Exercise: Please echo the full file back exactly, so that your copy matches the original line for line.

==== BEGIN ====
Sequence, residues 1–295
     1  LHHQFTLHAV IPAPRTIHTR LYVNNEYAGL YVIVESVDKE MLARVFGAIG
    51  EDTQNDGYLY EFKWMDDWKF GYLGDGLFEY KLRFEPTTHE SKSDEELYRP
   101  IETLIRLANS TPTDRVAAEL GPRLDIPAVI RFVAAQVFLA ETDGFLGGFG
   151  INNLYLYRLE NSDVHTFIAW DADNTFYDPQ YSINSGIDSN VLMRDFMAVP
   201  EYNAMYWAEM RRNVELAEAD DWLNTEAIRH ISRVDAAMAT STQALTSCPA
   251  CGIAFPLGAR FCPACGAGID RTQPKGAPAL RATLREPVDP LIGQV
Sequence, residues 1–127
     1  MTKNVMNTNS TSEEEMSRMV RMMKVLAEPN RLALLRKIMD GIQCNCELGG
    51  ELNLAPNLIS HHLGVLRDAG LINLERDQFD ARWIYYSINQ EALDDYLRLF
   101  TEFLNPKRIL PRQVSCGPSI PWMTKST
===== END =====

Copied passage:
Sequence, residues 1–295
     1  LHHQFTLHAV IPAPRTIHTR LYVNNEYAGL YVIVESVDKE MLARVFGAIG
    51  EDTQNDGYLY EFKWMDDWKF GYLGDGLFEY KLRFEPTTHE SKSDEELYRP
   101  IETLIRLANS TPTDRVAAEL GPRLDIPAVI RFVAAQVFLA ETDGFLGGFG
   151  INNLYLYRLE NSDVHTFIAW DADNTFYDPQ YSINSGIDSN VLMRDFMAVP
   201  EYNAMYWAEM RRNVELAEAD DWLNTEAIRH ISRVDAAMAT STQALTSCPA
   251  CGIAFPLGAR FCPACGAGID RTQPKGAPAL RATLREPVDP LIGQV
Sequence, residues 1–127
     1  MTKNVMNTNS TSEEEMSRMV RMMKVLAEPN RLALLRKIMD GIQCNCELGG
    51  ELNLAPNLIS HHLGVLRDAG LINLERDQFD ARWIYYSINQ EALDDYLRLF
   101  TEFLNPKRIL PRQVSCGPSI PWMTKST